Sunday, December 9, 2012


Steph and I decided to head to Delaware on Friday afternoon so we could have a carby dinner in Rehoboth and get to bed at a decent time. I got to meet the lovely Theodora and Laura, both of whom I've heard about/read about in Steph and Fiona's blogs. Always happy to make new runner friends, and these two (who are now part of my 5 readers) are both hilarious!
My survival kit for the trip down (the trip-home kit included a lot more junk food!):

Rehoboth was looking very festive
Theodora introduced us to two more runner friends, Ericka and Lindsey and we all loaded up on pasta for dinner:
I think we all managed to sleep pretty well. I thought I might be too nervous, but I was a) not nervous and b) completely exhausted. When we woke up in the morning, I did not want to eat because I was still full but they made me (thank you, I knew I needed the fuel!).  Note: ww bread, banana slices, and Nutella is the breakfast of champions. 
I was so excited to wear my bright yellow shirt, pink compression calf sleeves, and sparkly headband! I loaded my SPIbelt and sports bra (BAD, BAD idea) with gels and we headed off to the start. 
Picture right after our last minute bathroom stop:
I lost my sparkly headband :(
I decided to start a bit apart from my running buddies because I wanted to run my own race, whether that meant faster or slower than them...first marathon and all, I didn't want to be influenced by anyone else. I didn't wear my Garmin, but did wear a watch with a timer and my goal was to keep every mile right around 9 minutes for the first half, then step it up a bit until 18 or 20, then a bit more, then give everything I had for 24-finish...but no idea if this is a feasible plan. Can one actually run hard after 24 miles? We'll see. Also, the goal I told people was "I just want to sub-4" but secretly I hoped I could beat that 22-mile run prediction of under 3:50. 

Internal monologue for the next ~4 hours:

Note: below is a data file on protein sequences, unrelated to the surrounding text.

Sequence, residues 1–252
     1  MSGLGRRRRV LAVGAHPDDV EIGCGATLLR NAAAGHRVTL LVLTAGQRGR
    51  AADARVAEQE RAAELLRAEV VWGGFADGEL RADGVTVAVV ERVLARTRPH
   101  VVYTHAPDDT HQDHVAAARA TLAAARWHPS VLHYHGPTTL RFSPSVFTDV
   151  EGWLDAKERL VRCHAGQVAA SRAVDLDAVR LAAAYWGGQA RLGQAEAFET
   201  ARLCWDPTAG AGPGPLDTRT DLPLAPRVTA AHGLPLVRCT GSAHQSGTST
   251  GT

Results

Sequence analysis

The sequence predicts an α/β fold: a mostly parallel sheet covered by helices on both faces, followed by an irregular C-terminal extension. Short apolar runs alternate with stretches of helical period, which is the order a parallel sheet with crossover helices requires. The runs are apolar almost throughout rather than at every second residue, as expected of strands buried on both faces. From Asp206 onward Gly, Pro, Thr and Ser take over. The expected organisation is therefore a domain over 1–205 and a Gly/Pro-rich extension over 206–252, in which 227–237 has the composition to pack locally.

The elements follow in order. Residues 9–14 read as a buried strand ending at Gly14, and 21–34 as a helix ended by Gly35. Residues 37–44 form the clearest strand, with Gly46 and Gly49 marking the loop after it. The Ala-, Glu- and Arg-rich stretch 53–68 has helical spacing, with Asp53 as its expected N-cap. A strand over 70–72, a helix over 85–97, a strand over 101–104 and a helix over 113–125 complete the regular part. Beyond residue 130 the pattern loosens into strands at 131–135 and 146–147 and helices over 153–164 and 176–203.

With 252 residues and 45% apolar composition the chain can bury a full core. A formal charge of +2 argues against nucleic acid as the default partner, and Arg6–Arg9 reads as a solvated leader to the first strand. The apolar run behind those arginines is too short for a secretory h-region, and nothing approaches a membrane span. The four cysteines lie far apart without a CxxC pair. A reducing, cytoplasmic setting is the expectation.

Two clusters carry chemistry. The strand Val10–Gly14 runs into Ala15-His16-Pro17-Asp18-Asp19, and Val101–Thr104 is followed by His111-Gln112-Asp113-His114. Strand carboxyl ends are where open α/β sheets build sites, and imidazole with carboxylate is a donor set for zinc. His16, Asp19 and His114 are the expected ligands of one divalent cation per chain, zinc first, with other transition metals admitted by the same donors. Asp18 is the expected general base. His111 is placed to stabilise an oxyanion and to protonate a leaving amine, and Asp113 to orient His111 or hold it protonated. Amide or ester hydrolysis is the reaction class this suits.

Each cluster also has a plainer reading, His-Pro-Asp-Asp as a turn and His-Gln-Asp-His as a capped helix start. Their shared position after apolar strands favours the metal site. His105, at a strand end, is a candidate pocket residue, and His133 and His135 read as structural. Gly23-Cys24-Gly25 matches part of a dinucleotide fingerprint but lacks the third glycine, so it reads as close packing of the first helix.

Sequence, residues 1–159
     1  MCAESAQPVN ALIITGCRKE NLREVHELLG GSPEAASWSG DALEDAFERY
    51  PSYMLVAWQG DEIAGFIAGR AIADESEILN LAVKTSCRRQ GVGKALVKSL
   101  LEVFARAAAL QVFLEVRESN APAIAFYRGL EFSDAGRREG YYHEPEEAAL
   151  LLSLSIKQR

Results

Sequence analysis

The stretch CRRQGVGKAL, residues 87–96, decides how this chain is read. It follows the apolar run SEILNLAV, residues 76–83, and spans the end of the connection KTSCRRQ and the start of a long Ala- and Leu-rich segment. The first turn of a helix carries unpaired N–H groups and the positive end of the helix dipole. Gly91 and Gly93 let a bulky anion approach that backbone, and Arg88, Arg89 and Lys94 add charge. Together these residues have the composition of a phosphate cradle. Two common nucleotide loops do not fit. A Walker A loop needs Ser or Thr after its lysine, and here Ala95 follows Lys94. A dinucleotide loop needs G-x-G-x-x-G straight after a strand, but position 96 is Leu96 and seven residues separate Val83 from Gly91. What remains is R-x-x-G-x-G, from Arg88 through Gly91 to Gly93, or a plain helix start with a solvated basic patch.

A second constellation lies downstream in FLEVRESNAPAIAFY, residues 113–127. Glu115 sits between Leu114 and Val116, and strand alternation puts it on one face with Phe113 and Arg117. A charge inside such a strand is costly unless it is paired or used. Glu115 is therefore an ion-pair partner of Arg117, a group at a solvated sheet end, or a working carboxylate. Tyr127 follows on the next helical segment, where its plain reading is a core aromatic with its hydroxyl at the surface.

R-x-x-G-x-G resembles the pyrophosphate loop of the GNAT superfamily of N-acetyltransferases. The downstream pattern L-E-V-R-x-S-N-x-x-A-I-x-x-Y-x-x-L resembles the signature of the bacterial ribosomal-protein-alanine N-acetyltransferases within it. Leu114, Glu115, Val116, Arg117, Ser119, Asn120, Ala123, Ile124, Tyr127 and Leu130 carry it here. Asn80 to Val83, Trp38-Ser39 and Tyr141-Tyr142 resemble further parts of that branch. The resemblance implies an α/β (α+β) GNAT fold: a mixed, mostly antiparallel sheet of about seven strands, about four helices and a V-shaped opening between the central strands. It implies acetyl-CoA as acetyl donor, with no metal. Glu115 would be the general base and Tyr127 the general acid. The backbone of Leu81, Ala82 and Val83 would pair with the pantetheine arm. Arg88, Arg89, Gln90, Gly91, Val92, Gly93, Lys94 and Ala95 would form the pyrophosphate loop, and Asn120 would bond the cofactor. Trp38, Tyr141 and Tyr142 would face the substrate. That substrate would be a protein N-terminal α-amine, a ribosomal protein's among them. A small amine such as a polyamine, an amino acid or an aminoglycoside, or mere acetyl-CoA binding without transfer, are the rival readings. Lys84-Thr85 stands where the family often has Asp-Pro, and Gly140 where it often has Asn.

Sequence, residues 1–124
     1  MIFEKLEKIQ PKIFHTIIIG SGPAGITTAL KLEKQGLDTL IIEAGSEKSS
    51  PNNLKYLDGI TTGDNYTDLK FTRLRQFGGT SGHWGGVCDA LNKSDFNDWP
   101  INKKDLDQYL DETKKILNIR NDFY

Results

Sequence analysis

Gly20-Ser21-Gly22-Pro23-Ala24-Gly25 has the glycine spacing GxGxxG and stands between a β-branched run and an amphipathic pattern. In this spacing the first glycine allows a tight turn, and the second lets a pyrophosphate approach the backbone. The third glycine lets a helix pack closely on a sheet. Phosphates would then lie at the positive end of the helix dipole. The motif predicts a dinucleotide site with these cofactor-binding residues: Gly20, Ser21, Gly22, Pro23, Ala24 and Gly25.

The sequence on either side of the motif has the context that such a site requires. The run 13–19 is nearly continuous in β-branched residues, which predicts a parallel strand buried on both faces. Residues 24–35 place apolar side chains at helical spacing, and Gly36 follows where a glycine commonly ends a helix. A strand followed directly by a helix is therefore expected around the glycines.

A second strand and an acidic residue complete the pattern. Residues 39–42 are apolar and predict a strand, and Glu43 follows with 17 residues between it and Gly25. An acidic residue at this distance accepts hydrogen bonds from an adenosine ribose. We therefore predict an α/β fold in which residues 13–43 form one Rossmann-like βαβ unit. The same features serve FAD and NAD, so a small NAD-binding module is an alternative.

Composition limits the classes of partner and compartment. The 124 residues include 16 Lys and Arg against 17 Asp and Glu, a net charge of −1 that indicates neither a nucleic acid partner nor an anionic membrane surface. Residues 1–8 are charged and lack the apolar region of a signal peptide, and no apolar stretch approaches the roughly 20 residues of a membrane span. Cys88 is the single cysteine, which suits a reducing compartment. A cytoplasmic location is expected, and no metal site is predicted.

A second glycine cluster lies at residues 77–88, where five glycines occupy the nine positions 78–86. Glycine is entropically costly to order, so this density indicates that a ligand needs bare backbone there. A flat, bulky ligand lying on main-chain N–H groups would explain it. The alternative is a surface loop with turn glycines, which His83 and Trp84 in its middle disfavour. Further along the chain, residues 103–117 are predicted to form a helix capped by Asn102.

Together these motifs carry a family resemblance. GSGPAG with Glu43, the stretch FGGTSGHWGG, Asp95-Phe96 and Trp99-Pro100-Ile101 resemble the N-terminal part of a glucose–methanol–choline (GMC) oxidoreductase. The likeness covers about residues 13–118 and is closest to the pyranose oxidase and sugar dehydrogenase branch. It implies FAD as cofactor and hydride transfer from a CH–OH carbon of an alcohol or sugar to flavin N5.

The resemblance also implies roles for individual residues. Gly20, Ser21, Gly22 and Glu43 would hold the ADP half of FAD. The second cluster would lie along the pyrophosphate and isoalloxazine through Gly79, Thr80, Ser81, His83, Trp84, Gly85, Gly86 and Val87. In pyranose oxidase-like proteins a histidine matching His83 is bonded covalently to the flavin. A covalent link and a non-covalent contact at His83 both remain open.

*1: shit, I have to pee. No you don't, you JUST went. Shut up.
*2: ugh, can't wait til I'm at 6, I know I'll feel better then
*3: my hamstrings really hurt
*5-6: ok, finally settling in and feeling good about this. Maybe going too fast
*8-10: slow the f&*k down, you will not keep this pace the whole time! This is where the half-marathoners turn around, they are jerks.
*11-13: I can't slow down! You have to, just let people pass you (I let a couple wearing red pass me and then tried to keep them within 50 feet of me)
*14-15: omg, why is there this hill here? I love hills but this one sucks. And running down it hurts even more, shitshitshit my shins hurt! Dammit, the guy in red stopped to pee by the trail so now he's behind me. I wish I could pee on the trail.
*16-18: red guy caught up to red girl so I'm following them again. My hamstrings and one calf/achilles hurt. Stop whining, this is not supposed to be easy. Ok, now we're counting down miles. 8.2 to go
*18-22: to paraphrase the NY Times, how is my pacing? Will there be more hills? Am I going to hit that "wall" soon? WHY AM I DOING THIS???? (actually, I'm kind of loving it) And I left the red couple in the dust
*23: watch says 3:20. Holy hell, I can beat my secret goal if nothing falls apart. *mental prep for the hardest 1/2-hour I've ever experienced